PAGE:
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Volume 24 No. 214
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Social Studies: Belk Bowl's Miller Yoho On Fan Interaction, Staying Relevant In Offseason

During college bowl season, it is easy for any game not among the high-profile crowd to get lost in the shuffle. Some games carry enough history or prestige that there is no sleep lost over whether fans will pay attention. But for others, using social media to stand out is as necessary as an appealing matchup on the field. This holds true for Miller Yoho, digital content specialist for Charlotte-based ad agency Luquire George Andrews, who manages the website and social media accounts for the Belk Bowl (@BelkBowl). He has handled these duties first for the Charlotte Sports Foundation and now for LGA. Unlike many bowl games, the Belk Bowl has taken on a cheeky and irreverent personality.

SOCIAL SNAPSHOT
Must-follow on Twitter: Moon Pie. I like them because they are so good at what they do in creating a brand voice.
Favorite app: Twitter 
Average time per day on social media: Including work, 8-10 hours.

The Belk Bowl’s personality:
I started looking at all the other bowl accounts and the ones that I related to and thought were successful were the ones that had the personality of college football fans. The Belk Bowl is a tier one bowl, which means it is getting good teams. But in September, October, even into November, most fan bases aren’t thinking of the Belk Bowl as the destination they want, they want the College Football Playoff. Why would we try to push tickets or force people into a relationship with us when we are not talking about things they care about? It boils down to that college football celebrates when a 300-pound man picks up a fumble. That’s the biggest Internet moment, when a fat guy scores a touchdown. Let’s celebrate that not many people outside the southeast know what a Belk is. Last year we referred to ourselves as “The Best Dressed Bowl."

Feedback from Belk:
We work with their team. When I came in with a fresh set of eyes, Will Webb, the Executive Director for the bowl, was all for it, and Belk jumped on board and realized connecting with college football fans is why they wanted the sponsorship. It was about finding unique ways to do it. They’ve seen results just from the impressions which have grown from our accounts.

Fan base that has interacted best with the Belk Bowl account:
I like to put it in the range of a message board fan base -- a fan base that still sits on message boards and gets angry about certain things. Then you have the more progressive fan bases that are into fan blogs and getting stuff out there. A perfect example is Texas A&M. They have a very strong blog community, who for three years have been playing this cat-and-mouse game of, will we select them. I’ve developed a really good relationship with a few of their fans.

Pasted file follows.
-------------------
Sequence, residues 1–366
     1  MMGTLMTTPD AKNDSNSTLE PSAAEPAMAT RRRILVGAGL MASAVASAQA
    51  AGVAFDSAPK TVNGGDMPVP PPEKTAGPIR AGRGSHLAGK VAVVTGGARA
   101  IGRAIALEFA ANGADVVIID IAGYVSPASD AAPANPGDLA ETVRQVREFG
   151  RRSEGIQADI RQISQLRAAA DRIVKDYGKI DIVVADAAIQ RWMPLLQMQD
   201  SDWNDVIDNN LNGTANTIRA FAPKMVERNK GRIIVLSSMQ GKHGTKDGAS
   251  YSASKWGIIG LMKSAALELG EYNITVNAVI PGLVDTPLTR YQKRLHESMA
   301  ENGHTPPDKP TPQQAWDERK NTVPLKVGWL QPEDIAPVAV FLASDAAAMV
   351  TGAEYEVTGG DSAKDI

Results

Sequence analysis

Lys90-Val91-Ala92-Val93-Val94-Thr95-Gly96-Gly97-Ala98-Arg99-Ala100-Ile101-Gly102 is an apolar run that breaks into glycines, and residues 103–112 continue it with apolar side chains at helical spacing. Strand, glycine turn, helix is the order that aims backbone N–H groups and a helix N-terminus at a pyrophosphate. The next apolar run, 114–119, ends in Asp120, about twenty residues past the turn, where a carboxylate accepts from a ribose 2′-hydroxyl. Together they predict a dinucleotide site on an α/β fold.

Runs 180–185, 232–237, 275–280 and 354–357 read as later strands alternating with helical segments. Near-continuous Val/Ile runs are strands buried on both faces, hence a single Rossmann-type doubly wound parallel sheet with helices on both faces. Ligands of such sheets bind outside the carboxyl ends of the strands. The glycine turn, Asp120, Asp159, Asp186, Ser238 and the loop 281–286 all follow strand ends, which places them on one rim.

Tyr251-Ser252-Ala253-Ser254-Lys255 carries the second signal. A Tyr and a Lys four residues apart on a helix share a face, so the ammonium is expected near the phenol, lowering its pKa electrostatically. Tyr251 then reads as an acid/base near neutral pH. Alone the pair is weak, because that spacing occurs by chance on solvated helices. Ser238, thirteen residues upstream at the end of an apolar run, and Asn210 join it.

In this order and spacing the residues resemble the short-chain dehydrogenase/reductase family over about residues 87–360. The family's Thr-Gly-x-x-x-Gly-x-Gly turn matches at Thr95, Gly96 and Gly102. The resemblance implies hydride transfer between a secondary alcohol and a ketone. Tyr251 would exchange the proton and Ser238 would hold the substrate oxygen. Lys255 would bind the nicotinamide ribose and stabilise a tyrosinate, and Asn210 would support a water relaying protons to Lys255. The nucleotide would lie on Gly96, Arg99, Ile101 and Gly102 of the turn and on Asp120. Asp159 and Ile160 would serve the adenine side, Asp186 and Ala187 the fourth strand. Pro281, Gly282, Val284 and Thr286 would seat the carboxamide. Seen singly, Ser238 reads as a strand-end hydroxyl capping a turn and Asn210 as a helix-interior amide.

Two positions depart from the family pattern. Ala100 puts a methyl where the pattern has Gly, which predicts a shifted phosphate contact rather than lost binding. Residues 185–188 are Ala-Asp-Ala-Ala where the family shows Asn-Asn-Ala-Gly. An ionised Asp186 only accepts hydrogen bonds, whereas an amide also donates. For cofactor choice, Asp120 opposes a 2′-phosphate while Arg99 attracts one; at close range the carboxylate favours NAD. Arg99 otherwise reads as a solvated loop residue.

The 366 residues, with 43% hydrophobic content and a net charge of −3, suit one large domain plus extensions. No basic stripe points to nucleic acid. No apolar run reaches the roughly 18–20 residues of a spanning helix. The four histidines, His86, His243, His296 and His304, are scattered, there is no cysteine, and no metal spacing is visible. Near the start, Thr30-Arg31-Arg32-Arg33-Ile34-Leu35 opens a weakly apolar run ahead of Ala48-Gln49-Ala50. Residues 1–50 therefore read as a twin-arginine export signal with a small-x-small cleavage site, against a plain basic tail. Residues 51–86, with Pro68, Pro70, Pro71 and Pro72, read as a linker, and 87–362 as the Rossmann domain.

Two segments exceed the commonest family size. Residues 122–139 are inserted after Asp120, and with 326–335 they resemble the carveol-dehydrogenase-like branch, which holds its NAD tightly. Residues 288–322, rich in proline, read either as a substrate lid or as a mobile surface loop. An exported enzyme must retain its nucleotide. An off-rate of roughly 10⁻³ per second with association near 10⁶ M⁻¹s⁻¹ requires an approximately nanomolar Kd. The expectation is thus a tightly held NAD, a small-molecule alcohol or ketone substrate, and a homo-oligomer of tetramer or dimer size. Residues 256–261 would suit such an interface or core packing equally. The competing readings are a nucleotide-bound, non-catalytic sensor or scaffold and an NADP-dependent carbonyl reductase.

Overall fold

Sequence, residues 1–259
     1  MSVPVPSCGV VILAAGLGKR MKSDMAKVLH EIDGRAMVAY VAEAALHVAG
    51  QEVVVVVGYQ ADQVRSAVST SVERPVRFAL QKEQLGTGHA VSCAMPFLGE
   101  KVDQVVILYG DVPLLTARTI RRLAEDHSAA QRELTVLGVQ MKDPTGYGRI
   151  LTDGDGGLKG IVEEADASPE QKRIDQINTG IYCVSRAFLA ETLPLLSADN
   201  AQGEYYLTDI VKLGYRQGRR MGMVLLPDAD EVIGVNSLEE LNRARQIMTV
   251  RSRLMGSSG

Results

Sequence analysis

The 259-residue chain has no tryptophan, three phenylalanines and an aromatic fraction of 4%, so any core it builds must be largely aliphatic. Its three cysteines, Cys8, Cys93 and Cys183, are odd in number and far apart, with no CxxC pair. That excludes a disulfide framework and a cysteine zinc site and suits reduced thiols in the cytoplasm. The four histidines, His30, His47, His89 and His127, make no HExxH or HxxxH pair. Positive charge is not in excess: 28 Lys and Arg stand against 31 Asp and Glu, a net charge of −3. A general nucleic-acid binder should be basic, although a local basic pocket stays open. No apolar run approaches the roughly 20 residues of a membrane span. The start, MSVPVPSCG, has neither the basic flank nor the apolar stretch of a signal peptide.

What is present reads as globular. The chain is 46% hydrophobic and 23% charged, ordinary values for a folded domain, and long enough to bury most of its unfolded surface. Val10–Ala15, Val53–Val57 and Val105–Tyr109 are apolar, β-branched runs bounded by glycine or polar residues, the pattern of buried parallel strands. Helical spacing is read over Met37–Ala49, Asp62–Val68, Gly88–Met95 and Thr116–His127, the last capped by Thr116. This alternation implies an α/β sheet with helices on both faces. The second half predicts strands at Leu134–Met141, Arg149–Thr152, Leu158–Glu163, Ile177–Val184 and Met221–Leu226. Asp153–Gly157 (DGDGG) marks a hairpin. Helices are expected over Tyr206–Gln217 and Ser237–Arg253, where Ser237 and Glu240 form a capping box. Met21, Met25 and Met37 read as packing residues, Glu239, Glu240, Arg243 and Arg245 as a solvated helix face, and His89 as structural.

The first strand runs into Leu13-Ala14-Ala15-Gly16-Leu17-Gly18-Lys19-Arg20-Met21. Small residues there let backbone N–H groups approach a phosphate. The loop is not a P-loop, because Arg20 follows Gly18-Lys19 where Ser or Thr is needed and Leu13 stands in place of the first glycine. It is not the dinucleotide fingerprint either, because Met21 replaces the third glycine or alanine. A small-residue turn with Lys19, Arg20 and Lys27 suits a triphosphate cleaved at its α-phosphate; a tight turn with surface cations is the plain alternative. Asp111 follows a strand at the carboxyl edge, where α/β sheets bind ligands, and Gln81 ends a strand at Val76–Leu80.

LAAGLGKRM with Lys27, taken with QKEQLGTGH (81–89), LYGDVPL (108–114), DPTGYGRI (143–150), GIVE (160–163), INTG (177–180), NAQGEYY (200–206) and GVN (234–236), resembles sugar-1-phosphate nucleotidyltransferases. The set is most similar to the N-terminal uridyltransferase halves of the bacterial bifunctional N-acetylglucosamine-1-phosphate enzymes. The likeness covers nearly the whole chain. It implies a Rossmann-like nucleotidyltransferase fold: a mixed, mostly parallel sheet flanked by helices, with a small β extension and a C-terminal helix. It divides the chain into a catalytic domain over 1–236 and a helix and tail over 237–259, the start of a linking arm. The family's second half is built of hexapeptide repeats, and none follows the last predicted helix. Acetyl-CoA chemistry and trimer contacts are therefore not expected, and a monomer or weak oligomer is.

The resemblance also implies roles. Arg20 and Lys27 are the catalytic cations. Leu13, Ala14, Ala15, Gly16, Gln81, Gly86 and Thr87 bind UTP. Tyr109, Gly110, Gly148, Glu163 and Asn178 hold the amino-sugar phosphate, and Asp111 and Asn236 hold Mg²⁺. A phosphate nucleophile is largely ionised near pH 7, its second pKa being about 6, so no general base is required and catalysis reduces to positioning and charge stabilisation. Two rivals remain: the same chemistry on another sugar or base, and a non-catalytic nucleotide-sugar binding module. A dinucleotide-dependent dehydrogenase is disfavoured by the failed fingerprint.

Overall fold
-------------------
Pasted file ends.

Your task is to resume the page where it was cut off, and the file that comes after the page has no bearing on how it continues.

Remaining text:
Bowl games having separate accounts for game and behind-the-scenes content:
If you look at us during the game, you will not really see us tweet the play-by-play. It’s my belief, if people are looking at Twitter, they are either watching it or checking the score somewhere else. Our job is to provide what it feels, looks, sounds like to be at the bowl. What is the emotion of it for people to have a connection with it? Live tweeting doesn’t work because it clogs up people’s timelines and it really doesn’t serve a purpose. As far as insider stuff, I’ll never beat Wake Forest. Wake Forest will always have the best insider stuff for Wake Forest.

Frustration with overall low bowl attendance:
It’s very callous for people to paint the negative picture of empty stands when you can look and there are more people there that are happy to be there. There is an impact for the players. I got to watch 3,000 bags made for Charlotte kids in need by our two teams. Now these kids have food and the players give service. It’s part of that experience. When it comes to just the game, when there are not as many people as some expect, it discredits that when you look at the empty seats rather than the efforts of the people who work at the game, the experience of the student-athletes and what the game means to the city.

Bowls that do social media well:
The Camping World Bowl and the Citrus Bowl are run by a guy named Matt Repchak, who kind of invented bowl social media and its creativity. They deserve all the credit for creating an engaging bowl social media account.

When the Belk Bowl is not top of mind:
A lot of internal stuff: recapping, looking at the numbers, looking at what performed well and what didn’t. There are a lot of bowls that let things go dormant -- and we’ll certainly slow down, but we’ll continue and try to stay relevant when possible. That doesn’t mean tweeting for the sake of tweeting or posting for the sake of posting. We know we are seasonal, but we want people to be fans of the Belk Bowl, not just fans of the Belk Bowl during football season. It also bleeds into us having Tennessee and West Virginia kicking off the season in Charlotte next season, so we have to start working on that and promoting that game. It’s how you plant those seeds in March and April. 

If you know anyone who should be featured for their use of social media, send their name to us at jperez@sportsbusinessdaily.com